Least favorite scene: Near the middle of the movie, Mr. Baines and his wife get into an argument. Philippe spies on the two of them, running from one vantage point to another. Before he can reach his new spot, Mrs. Baines has fallen to her death. Did Mr. Baines kill her in cold blood? Was it in an accident? This scenario could create a lot of suspense, but Reed instead shows you how Mrs. Baines dies. For a movie that so closely follows Philippe, it’s weird that we get an omniscient, 3rd-person perspective at this moment. I feel like it undermines a lot of tension and suspense that could otherwise develop in the latter half of the movie.
Fun fact: Assistant Director Guy Hamilton once said Bobby Henrey “couldn’t act his way out of a paper bag” and had “the attention span of a demented flea.”
Hey there, everyone. Brian Matthew Kim here. As the resident Criterion Collection expert, I’d like to share with you a few highlights I’ve discovered over my four years of regular Criterion viewing. But rather than focus on the films I enjoy, I’m going to alternate between movies I really like and movies I really dislike. For today’s inaugural entry, I’d like to discuss my favorite Criterion thus far, Wim Wenders’ 1984 road movie (?) Paris, Texas.
What I like about it: Gorgeous cinematography. Ry Cooder’s slide-guitar score. Harry Dean Stanton and Nastassja Kinski’s performances. Sam Shepard’s dialogue. A slow movie that never feels boring. A pre-Quantum Leap Dean Stockwell. The contrast between setting (oftentimes stark, empty, or soulless landscapes) and the characters’ rich humanity.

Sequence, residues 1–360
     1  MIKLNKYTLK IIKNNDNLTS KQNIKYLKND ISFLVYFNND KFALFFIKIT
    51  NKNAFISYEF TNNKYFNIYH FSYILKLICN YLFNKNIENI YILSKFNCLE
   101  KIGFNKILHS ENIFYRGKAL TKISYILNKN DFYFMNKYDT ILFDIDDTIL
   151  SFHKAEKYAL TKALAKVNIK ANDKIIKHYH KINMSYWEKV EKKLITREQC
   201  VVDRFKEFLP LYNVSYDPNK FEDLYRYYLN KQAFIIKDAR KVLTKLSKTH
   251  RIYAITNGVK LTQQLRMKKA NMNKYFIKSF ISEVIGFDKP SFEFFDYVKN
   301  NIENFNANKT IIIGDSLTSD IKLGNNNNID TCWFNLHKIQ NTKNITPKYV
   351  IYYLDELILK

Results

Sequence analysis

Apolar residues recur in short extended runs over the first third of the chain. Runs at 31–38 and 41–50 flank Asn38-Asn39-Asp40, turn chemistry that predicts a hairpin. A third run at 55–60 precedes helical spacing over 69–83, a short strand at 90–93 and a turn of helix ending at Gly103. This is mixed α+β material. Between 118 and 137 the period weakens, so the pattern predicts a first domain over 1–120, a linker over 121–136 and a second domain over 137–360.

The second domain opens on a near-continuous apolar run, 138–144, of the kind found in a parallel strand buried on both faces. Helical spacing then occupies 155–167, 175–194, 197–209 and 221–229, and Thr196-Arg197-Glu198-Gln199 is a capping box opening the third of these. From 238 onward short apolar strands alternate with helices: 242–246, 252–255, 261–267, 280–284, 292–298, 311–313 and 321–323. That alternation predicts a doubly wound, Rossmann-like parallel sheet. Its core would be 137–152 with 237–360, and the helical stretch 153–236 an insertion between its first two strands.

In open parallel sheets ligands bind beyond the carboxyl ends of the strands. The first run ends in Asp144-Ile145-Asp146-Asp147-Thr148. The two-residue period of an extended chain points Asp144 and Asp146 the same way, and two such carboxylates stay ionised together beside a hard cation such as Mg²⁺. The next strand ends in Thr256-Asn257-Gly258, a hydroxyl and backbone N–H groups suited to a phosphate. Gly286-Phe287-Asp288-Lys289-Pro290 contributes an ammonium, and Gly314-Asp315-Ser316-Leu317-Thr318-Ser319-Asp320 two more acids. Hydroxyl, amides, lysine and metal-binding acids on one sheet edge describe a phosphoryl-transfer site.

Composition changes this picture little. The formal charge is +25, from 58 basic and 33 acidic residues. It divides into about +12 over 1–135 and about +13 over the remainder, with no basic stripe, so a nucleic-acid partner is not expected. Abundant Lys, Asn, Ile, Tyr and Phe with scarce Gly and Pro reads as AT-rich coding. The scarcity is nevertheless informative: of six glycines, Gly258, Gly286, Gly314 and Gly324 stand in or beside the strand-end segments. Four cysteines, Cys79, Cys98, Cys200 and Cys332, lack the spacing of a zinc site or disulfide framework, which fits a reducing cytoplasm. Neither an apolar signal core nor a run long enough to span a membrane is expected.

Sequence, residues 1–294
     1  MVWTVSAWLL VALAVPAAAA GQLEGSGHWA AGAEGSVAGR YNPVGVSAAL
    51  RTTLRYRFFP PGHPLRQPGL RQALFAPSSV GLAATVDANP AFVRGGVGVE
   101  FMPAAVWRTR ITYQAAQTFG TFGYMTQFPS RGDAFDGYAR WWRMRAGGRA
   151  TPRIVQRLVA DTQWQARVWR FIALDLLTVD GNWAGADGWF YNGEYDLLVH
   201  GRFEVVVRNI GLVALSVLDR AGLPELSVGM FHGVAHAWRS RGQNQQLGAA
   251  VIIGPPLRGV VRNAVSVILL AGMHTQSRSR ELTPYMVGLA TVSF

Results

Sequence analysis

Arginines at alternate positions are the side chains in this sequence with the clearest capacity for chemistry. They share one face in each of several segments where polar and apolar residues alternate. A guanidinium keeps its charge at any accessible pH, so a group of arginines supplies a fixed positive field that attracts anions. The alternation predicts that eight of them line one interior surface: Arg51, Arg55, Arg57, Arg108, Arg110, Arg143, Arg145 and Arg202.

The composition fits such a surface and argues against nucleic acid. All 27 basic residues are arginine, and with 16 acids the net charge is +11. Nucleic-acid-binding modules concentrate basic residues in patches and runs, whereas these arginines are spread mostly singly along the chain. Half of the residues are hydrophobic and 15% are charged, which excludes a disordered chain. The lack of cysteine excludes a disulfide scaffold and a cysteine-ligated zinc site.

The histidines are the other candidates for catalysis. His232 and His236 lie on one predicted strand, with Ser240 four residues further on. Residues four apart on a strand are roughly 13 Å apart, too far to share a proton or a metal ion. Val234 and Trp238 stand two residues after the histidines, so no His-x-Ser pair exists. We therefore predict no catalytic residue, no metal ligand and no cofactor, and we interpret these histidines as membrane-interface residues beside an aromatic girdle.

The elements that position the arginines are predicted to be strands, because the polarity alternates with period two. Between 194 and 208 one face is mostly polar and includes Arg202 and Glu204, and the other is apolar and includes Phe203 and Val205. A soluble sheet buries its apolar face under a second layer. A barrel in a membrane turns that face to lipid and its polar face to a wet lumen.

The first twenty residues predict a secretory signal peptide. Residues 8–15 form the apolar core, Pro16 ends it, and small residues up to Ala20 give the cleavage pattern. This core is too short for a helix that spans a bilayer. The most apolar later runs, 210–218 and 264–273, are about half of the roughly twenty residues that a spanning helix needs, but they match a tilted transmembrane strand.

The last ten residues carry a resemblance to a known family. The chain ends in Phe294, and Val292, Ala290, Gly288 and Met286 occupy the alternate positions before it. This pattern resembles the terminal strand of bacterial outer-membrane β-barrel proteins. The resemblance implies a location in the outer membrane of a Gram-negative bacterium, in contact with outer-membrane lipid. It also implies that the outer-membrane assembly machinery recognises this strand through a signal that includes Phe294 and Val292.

Favorite scene: If you haven’t seen this movie and you don’t want me to spoil the end, then stop reading now. I mean it. This is your last chance. Okay, so: The conversation (i.e. two monologues) between Stanton and Kinski. Not only are they amazing monologues, but they also flip my feelings about these characters. For most of the movie I empathize with Stanton –- he’s portrayed as the protagonist. But the conversation at the ends shows that he’s actually the bad guy –- he’s the one to blame for their relationship falling apart. It’s jarring that this quiet, gentle man I’ve grown to like is capable of such darkness. And the way the scene is staged –- with one-way glass –- is just even more heartbreaking. There’s always going to be something between them that makes normal conversation impossible.
Fun fact: According to its Wikipedia page, Paris, Texas was both Kurt Cobain’s and Elliott Smith’s favorite movie of all time. I don’t know what that says about me.
This week the honorable Judge Jonathan deliberates on the 1991 Richard Grieco spy/comedy classic If Looks Could Kill. Join us as Dr. Bealer and Jason defend this movie, positing (possibly) that it is a fine satire on both the movie genre and capitalism; while Brian and…